Fraser Valley – Initially supported by $1 million in funding from Canada’s Digital Technology Supercluster, Abbotsford-based Wisebox Solutions launched http://DirectFood.store last year as a fast-tracked response to pandemic-induced food shortages, supply chain disruptions, grocery store crowding, and COVID outbreaks at B.C. food processing plants.
The first farm-to-table online marketplace of its kind doesn’t have any warehouses, with all orders picked up directly from local farms and vendors in the morning and delivered to customers later in the day.
Company co-founder and CEO Colin Schmidt has ties with the Valley. “The impact we’ve had on sustainability is really empowering those local farmers to actually start to scale their business. That matters because these small businesses, of course, are the backbone of our society and keep money local which has a much larger impact here.” Given growing public concern over inflation and food security, as well as interest in locally-sourced foods, Wisebox and its collaboration with the Supercluster, this is a business to keep an eye on.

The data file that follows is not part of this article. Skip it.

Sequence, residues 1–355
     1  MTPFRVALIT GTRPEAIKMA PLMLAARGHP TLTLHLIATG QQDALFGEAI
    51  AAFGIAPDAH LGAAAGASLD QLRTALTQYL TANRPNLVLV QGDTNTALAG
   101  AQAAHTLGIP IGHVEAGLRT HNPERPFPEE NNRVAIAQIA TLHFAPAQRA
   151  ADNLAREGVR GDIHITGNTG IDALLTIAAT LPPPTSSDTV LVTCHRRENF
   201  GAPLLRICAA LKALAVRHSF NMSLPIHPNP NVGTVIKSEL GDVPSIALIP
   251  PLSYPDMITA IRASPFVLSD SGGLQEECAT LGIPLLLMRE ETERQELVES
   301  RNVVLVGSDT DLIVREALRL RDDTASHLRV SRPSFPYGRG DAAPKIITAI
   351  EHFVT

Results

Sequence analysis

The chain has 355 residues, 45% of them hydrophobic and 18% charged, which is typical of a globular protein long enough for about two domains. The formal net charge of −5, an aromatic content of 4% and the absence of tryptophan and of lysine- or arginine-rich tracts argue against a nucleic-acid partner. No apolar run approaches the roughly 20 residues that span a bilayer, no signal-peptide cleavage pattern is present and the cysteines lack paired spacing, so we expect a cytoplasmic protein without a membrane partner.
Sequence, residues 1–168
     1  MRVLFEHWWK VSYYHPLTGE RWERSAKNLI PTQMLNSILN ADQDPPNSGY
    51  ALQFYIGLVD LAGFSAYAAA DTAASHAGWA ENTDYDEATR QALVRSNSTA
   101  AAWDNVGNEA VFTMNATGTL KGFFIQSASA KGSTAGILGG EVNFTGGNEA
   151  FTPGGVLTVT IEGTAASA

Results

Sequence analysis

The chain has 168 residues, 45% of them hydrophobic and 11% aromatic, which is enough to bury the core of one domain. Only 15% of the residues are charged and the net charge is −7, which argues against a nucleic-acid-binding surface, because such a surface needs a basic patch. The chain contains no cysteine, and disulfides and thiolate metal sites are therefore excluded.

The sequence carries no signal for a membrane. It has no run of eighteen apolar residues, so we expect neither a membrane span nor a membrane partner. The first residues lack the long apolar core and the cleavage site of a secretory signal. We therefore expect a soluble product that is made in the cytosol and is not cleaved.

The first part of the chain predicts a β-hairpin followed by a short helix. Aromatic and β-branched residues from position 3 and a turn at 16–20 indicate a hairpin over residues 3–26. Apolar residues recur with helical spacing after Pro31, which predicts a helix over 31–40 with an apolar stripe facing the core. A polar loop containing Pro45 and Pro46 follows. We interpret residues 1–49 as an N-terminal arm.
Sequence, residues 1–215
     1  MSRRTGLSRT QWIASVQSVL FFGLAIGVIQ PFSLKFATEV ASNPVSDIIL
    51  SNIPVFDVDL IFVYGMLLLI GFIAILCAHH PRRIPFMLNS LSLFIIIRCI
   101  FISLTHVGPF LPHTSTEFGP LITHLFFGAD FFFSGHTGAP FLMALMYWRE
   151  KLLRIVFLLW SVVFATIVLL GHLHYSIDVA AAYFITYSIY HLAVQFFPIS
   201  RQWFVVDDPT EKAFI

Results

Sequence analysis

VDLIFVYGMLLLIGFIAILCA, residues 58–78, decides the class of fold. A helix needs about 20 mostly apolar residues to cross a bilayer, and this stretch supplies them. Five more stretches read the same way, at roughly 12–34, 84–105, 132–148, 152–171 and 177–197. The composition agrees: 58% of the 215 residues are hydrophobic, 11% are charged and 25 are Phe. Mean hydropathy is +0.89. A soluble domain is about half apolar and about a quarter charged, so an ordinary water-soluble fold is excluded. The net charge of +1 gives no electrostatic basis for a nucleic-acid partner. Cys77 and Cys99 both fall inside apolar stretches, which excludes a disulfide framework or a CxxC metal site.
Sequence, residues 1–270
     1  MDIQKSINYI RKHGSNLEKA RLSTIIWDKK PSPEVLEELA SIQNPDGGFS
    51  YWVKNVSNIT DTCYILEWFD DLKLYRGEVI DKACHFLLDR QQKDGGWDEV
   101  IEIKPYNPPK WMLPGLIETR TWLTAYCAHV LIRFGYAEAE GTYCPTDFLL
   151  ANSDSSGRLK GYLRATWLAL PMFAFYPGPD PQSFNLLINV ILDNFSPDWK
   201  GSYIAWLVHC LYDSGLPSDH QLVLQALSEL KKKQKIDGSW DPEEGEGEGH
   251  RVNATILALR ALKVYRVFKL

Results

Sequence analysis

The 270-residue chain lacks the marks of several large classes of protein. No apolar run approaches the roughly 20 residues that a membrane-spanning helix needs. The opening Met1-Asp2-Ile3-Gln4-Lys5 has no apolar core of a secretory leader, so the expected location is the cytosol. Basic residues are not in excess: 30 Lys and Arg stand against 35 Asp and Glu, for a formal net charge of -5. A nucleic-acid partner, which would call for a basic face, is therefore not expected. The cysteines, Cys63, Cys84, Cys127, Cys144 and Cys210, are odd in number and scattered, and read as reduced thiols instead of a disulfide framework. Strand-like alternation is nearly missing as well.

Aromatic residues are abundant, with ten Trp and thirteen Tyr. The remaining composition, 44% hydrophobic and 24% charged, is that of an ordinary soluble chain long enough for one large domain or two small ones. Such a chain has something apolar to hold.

As Supercluster Co-Founder and COO Bill Tam explained, “the http://DirectFood.store project demonstrates the power of collaborative innovation to solve real challenges to the food supply caused by the COVID-19 pandemic, while also building a safer and more sustainable world through tech innovation.”
Less than 12 months later, the catastrophic flooding that was literally outside Wisebox’s front door highlighted yet another critical application for the marketplace. With food supply chains disrupted by road and port closures, http://DirectFood.store enabled Fraser Valley producers to step up and feed their communities with stores of fruit, dairy products, vegetables, meat and seafood, to name a few products, that would likely have gone to waste otherwise.